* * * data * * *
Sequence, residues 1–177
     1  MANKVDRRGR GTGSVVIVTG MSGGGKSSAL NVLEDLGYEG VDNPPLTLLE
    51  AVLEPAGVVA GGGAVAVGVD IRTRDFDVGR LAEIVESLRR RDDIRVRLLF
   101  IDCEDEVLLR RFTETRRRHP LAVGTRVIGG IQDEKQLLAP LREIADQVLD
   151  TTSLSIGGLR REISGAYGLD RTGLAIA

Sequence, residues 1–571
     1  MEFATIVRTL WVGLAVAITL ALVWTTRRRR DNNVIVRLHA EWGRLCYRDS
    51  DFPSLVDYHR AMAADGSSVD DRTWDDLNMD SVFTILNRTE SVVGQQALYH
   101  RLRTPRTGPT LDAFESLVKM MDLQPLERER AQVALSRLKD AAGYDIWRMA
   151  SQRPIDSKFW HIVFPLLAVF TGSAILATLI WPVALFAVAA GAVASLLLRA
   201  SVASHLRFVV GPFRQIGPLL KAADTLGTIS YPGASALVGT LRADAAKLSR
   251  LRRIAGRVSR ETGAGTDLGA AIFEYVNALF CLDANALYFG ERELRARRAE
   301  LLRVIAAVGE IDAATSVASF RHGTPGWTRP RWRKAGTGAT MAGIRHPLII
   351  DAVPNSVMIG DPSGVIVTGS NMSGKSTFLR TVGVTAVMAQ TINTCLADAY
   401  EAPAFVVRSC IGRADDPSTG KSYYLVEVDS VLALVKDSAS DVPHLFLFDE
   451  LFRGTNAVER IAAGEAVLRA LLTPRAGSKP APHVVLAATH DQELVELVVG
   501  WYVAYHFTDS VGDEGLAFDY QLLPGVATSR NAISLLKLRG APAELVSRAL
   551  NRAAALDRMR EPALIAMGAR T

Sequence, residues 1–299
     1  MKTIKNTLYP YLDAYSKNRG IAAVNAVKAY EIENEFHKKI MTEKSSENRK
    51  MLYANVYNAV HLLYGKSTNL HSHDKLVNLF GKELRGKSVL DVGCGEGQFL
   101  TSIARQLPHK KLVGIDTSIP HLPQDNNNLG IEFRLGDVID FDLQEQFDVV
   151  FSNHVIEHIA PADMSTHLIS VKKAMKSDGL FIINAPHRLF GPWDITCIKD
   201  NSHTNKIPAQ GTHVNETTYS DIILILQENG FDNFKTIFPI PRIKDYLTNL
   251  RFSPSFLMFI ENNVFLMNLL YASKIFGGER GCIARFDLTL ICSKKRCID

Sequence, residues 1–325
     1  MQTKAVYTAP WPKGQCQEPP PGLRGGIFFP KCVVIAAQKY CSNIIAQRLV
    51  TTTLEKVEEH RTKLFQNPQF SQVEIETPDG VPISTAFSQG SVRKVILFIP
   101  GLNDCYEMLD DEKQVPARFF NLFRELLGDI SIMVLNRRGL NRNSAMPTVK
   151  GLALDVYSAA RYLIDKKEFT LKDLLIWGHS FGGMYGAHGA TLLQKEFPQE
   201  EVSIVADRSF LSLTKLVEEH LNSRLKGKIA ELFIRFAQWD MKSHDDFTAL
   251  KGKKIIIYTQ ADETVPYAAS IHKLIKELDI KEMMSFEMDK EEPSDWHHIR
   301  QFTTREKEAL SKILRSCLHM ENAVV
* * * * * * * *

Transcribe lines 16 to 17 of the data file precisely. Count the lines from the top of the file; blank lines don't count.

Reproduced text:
   451  LFRGTNAVER IAAGEAVLRA LLTPRAGSKP APHVVLAATH DQELVELVVG
   501  WYVAYHFTDS VGDEGLAFDY QLLPGVATSR NAISLLKLRG APAELVSRAL